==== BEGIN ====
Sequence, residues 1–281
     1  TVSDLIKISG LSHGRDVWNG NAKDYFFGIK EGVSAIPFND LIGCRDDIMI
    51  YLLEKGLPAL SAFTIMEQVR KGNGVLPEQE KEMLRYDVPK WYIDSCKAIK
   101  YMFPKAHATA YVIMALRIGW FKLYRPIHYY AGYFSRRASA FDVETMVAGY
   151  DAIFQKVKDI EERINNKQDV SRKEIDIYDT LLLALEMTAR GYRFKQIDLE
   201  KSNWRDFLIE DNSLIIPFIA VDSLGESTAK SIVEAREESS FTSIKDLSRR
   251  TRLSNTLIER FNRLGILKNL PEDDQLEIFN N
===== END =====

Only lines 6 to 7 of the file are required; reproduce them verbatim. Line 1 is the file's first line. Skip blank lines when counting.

   201  KSNWRDFLIE DNSLIIPFIA VDSLGESTAK SIVEAREESS FTSIKDLSRR
   251  TRLSNTLIER FNRLGILKNL PEDDQLEIFN N